Who hasn’t had a parking or speeding ticket? That makes you an illegal. Yes, it’s just a misdemeanor paid with a fine. Entering this country illegally is also a misdemeanor, not a felony. No one is sent to prison for entering illegally, just returned to their country. Wouldn’t it be cheaper and easier to fine them instead?
Legal entry isn’t as easy as you might think. Forty per cent of the people in Mexico don’t have birth certificates required for legal entry. Some states still don’t register births. My father didn’t have a birth certificate. He was born in California before births were recorded. He did have problems with that.
Even legal permanent entry takes an average of seven years to process the paperwork. Then it takes another three years for a green card.
We need the workers. We could make legal entry a matter of days, not years. We could accept other means of identification. This needs to be addressed first. Amnesty for illegals already here won’t do anything to prevent further illegal entry.
I was looking for Jesse James at the Porterville Indian reservation on a brucellosis traceback. His home wasn’t hard to find. All the homes on the reservation were strung out along a single road down a narrow canyon surrounded by mountains. But he was never home. I suspected he was avoiding me. Jesse was wanted by the authorities on drug charges.
He was safe enough. The reservation claimed sovereignty and didn’t recognize anything but tribal law. They didn’t allow government officials on the reservation, including me. They kept a guard at the entrance to the reservation and locked the gate at night.
I approached the leaders and convinced them of the importance of protecting the health of their cattle. They gave me a permit to enter at will, but couldn’t come up with Jesse James.
I did get a partial history of their cattle. They had approximately 2,000 cows that ranged in the mountains. The cows spent the summer at higher elevations in the mountains where the grass was, then came down to the valley during the winter. The tribe set limits on the number of cows allowed, depending on the amount of grass each year. Three families owned most of the cows. The only outside additions that could bring in disease were a few bulls and some steers in good grass years.
I got another brucellosis traceback, this time to one of the tribal leaders. He was available and I finally got some answers.
“How old was this cow?”
“She was one of a group of yearlings we sold.”
“I have her vaccination tag, so we know she was vaccinated. We can write her off as a vaccine reaction. Are you having any problems with abortions?”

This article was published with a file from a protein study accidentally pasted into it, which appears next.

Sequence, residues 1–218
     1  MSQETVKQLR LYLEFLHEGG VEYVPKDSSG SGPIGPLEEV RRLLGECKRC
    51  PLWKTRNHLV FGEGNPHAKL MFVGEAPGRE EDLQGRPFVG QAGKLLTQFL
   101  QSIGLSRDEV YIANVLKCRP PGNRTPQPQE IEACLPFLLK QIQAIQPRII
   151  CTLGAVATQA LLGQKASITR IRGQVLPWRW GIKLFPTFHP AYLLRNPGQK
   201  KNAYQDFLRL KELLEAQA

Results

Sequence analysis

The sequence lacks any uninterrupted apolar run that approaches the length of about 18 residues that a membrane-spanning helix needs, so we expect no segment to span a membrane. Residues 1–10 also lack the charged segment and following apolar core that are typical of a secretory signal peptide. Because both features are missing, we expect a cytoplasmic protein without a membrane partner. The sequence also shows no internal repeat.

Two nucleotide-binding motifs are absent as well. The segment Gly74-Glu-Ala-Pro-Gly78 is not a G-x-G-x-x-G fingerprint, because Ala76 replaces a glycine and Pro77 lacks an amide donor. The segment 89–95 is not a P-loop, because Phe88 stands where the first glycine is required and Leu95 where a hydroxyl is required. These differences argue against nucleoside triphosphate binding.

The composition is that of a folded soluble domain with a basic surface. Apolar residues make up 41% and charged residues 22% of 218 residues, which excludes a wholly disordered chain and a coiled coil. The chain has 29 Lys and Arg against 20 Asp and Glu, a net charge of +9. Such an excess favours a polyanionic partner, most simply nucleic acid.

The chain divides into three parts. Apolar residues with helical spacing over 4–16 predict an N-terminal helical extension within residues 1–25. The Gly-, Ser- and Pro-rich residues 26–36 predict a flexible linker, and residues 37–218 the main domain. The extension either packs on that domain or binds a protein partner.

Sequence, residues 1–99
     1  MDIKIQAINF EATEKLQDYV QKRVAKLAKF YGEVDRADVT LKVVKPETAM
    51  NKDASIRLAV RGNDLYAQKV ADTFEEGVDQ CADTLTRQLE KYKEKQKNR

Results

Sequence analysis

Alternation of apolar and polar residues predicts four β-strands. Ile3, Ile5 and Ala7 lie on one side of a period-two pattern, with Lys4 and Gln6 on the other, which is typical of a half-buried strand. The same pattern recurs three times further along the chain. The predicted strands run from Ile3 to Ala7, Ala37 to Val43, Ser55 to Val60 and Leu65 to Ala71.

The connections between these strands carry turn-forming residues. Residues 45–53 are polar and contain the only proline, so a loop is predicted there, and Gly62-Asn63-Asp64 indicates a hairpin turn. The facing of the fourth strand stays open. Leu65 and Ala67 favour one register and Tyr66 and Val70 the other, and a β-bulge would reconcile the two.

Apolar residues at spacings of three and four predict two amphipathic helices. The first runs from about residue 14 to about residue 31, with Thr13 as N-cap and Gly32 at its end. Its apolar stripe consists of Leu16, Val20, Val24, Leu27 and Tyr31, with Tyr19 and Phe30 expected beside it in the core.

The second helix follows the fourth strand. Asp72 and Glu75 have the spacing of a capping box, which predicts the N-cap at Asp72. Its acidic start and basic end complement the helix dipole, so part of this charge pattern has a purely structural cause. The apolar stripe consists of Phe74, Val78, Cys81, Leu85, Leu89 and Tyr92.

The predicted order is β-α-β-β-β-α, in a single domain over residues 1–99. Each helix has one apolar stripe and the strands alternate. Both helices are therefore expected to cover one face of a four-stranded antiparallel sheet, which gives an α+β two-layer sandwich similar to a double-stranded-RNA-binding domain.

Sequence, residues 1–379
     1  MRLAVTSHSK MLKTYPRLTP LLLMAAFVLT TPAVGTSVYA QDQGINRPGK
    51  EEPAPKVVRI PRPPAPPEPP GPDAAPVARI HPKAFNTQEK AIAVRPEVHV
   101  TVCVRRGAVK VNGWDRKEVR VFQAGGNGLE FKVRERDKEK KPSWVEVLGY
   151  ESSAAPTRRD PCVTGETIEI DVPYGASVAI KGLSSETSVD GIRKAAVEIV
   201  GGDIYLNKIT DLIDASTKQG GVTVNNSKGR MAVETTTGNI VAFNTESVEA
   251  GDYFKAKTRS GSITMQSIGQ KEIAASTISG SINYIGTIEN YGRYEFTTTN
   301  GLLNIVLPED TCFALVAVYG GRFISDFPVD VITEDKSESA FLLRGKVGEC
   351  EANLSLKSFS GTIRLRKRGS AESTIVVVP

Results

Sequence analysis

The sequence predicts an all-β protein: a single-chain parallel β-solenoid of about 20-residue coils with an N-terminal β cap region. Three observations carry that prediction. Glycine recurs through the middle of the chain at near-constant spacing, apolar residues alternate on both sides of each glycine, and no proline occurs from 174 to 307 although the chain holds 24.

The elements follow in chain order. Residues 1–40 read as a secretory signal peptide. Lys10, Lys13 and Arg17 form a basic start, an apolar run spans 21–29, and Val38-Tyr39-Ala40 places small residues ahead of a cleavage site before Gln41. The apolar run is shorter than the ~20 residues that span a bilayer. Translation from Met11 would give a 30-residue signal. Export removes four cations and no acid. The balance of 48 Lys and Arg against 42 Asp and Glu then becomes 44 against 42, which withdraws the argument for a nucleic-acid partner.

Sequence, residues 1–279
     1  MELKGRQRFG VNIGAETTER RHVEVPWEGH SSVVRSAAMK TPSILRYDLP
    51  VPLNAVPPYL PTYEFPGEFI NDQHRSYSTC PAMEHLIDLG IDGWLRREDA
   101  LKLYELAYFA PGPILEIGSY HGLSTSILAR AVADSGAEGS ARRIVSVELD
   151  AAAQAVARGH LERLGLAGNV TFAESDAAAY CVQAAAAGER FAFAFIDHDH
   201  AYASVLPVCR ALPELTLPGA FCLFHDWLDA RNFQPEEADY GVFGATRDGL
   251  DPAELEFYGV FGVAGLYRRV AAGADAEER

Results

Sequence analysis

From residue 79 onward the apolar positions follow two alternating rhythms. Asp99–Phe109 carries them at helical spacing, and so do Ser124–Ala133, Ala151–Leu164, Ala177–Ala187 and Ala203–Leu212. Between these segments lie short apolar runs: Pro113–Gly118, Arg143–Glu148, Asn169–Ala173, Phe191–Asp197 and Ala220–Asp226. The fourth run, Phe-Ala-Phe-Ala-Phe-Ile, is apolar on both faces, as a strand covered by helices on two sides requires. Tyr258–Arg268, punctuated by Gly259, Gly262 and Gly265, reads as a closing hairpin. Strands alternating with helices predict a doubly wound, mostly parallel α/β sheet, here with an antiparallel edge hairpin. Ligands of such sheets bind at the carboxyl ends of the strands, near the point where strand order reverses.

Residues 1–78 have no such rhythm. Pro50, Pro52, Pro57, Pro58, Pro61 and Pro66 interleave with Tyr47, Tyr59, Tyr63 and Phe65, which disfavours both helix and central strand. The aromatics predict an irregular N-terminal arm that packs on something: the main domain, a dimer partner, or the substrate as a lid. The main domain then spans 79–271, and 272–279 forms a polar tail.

“Can’t say. The calves are born in the mountains and the coyotes would get anything before we could see it. We are having a smaller calf crop than we would like to see.”
“That could be for a variety of reasons beside brucellosis. We can test your herd if you want. It’s up to you.”
“Let me talk with the others and I’ll get back to you.”
I brought my grandson Joey along on one of my visits. His first question was “Where are the Indians?”
“Look around you. These are all Indians.” They weren’t much to look at, dirt poor and most of them dressed in rags.
“But where are the feathers?”
“Joey, Indians don’t wear feathers all the time. They’re like anyone else.
Joey soon found two boys his own age and disappeared. They returned with a .22 rifle and wanted to teach Joey how to use it.
“Not here, there are too many people. That isn’t a toy.” They kept playing around and stuck the rifle in my face one too many times. I grabbed it away and locked it in my vehicle. I returned it to an adult as we left.
The tribal leaders got back to me and formally requested a brucellosis test at their annual roundup a month later. It was quite an operation – 2,000 cows in a huge corral. They separated out the calves for branding, vaccination, and castration of the young bulls. I and my crew only tested the 1,000 adult cows. We didn’t do bulls, they were too dangerous. The cows were bad enough, wild from running loose all year. Most of them had horns and knew how to use them.
We were able to bleed ten cows at a time in a long chute. The cows had to be held overnight while I rushed the samples to the lab. Four positives. They were picked out and sent to slaughter. They turned out to be negative. All that work for negatives? Yes, that’s what we were hoping for. Without it we would never be sure.
In the 90s the reservation built a casino, or rather a company from Las Vegas built the casino on a profit sharing arrangement. Suddenly the Indians were rich. A shiny new pickup appeared in front of all the shacks in the valley, then construction started on new houses with garages. So who needs cows? The Indians sold their cows and my visits stopped.
I never did get to meet Jesse James.